Appropriate operation of the administrative law requires that the provisions of the Constitution be applied directly by the public administration bodies. These bodies do not have the independent status and the principle of being bound by the legislative acts exclusively does not apply to them. While administering the law, they are not entitled to skip particular levels in the hierarchy of the sources of law and they do not have the right to raise a legal question to be examined by the Constitutional Tribunal. With respect to public administration bodies, it is assumed that constitutional norms and other legal norms currently in force are to be applied jointly. The Constitution closes the system of the sources of law, presenting in the form of a comprehensive catalogue. The obvious advantage of this state of affairs is the clarity in establishing the criteria of legality of actions of the public administration bodies, yet from the standpoint of administrative law there is a certain difficulty in classification of administrative regulations and general acts. The Constitution introduces the principle of subsidiary competence and the associated principle of decentralisation of public power. Both principles are further elaborated in the Polish legislation having relevance to local government. A thorough scrutiny of these provisions reveals that the potentials offered by these two principles are not fully utilised. The Constitution regulates the civil rights and introduces their extended catalogue. Of major importance is the citizen's right to be heard at a court, also the administrative court. On the other hand, norms regulating the administrative jurisdiction do not allow this right to be fully executed. .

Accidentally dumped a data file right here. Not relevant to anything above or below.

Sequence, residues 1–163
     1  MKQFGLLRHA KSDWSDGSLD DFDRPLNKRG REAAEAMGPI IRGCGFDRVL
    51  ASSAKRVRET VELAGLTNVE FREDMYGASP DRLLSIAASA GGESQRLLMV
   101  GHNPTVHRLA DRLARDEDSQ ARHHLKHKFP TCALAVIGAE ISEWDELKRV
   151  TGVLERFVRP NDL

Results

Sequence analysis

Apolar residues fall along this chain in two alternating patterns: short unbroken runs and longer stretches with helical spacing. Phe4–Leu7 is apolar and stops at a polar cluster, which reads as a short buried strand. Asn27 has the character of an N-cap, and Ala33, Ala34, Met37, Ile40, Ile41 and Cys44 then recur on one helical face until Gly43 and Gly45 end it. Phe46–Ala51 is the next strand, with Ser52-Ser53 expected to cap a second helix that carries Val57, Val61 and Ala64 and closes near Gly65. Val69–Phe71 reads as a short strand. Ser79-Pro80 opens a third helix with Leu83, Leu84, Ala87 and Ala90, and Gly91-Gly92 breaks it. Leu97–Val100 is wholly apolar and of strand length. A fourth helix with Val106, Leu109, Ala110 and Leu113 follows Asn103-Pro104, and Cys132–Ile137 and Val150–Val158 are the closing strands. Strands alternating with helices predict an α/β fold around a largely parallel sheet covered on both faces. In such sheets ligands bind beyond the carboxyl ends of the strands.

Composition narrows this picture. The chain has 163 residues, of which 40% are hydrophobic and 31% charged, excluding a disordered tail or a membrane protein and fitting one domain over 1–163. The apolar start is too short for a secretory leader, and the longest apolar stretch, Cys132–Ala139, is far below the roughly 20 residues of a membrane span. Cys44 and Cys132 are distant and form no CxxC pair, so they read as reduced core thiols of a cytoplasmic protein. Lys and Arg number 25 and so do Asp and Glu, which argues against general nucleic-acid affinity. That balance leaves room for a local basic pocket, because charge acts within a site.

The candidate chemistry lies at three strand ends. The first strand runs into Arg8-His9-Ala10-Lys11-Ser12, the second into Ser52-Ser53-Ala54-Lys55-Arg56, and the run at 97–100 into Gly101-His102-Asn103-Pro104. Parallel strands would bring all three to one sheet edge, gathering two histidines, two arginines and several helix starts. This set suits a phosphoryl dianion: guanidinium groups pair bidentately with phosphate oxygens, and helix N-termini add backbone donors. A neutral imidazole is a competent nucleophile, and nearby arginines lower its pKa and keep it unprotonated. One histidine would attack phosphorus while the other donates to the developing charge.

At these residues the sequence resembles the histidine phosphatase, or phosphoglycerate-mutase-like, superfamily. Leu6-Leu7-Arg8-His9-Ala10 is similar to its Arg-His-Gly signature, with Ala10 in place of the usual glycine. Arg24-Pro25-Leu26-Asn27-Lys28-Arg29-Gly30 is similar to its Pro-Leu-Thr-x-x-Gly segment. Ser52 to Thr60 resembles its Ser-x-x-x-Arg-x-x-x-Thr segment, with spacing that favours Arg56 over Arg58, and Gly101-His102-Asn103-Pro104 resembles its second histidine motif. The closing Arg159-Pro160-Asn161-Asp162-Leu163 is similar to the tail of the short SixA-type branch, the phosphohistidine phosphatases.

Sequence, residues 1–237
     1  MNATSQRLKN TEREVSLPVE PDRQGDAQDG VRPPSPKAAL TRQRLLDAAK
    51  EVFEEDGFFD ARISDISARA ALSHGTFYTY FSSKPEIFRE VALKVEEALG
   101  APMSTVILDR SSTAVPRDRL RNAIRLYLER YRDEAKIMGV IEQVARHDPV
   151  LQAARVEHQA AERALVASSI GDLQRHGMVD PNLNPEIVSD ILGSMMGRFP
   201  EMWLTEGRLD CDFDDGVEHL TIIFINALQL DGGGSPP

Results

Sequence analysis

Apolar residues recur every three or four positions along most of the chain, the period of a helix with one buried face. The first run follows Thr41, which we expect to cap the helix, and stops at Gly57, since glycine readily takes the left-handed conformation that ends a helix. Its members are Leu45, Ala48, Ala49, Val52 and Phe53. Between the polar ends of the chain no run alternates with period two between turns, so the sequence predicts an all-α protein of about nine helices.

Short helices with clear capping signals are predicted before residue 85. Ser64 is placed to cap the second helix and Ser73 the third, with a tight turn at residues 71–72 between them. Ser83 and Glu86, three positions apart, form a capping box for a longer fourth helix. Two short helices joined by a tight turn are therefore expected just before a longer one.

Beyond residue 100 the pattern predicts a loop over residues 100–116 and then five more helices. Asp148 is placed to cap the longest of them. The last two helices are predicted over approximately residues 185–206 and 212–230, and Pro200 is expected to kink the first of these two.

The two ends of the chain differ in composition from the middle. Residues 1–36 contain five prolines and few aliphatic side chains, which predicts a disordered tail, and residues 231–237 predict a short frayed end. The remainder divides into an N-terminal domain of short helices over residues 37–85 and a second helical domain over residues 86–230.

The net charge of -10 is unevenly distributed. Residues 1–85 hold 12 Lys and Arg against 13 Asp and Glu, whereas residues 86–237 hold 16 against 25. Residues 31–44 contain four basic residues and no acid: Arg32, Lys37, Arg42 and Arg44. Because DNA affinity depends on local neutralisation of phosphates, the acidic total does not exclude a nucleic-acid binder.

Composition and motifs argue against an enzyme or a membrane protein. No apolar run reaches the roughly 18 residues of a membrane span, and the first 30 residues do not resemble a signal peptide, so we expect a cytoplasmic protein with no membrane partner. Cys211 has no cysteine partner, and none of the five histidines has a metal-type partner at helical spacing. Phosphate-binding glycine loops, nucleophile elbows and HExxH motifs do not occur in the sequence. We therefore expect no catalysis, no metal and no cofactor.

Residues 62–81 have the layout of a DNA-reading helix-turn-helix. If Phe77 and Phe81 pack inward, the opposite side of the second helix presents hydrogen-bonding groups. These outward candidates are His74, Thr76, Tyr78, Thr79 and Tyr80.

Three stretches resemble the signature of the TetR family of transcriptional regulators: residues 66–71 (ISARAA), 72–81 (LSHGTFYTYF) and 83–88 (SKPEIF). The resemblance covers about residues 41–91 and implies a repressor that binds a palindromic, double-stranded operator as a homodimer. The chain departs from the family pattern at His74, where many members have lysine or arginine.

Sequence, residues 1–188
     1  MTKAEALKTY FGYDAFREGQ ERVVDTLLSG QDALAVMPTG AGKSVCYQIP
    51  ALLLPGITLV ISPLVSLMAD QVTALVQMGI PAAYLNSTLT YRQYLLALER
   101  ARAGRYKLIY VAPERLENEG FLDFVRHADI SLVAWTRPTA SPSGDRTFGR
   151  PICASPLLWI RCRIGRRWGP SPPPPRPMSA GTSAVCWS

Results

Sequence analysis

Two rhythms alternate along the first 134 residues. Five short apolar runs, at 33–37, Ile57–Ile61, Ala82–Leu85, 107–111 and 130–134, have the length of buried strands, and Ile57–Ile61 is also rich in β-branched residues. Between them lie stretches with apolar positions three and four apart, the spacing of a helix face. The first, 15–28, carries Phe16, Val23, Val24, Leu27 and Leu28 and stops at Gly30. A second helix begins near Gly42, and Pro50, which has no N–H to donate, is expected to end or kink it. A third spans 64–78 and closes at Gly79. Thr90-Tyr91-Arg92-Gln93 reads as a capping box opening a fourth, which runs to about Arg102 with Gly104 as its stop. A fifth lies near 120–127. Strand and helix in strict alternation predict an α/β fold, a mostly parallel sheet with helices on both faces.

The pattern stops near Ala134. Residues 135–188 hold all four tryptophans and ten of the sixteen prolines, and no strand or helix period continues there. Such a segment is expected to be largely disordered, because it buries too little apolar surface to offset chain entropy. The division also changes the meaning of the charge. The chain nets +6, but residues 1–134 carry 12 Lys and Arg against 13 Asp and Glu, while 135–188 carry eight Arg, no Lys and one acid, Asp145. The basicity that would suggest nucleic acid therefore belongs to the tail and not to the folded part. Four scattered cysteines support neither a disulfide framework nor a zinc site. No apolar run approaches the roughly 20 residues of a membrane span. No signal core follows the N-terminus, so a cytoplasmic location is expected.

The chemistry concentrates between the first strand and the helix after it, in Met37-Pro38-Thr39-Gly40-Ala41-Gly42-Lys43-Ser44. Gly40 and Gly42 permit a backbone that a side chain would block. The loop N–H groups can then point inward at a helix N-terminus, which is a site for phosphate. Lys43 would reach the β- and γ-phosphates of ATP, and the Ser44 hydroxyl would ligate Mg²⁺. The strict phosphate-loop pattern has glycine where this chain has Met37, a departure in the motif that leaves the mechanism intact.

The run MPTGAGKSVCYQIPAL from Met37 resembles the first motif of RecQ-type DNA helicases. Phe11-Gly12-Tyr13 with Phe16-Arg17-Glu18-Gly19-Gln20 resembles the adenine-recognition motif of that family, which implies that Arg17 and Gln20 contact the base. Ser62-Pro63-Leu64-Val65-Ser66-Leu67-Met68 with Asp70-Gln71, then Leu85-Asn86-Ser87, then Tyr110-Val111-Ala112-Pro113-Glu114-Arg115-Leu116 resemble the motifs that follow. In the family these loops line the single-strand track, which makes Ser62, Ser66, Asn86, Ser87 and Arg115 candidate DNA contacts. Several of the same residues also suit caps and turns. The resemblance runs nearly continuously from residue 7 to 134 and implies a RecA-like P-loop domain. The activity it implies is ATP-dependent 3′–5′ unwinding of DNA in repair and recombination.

J. Zimmermann, Uniwersytet Jagiellonski, Wydzial Prawa i Administracji, Katedra Prawa Administracyjnego, ul. K. Olszewskiego 2, 31-007 Kraków, Poland
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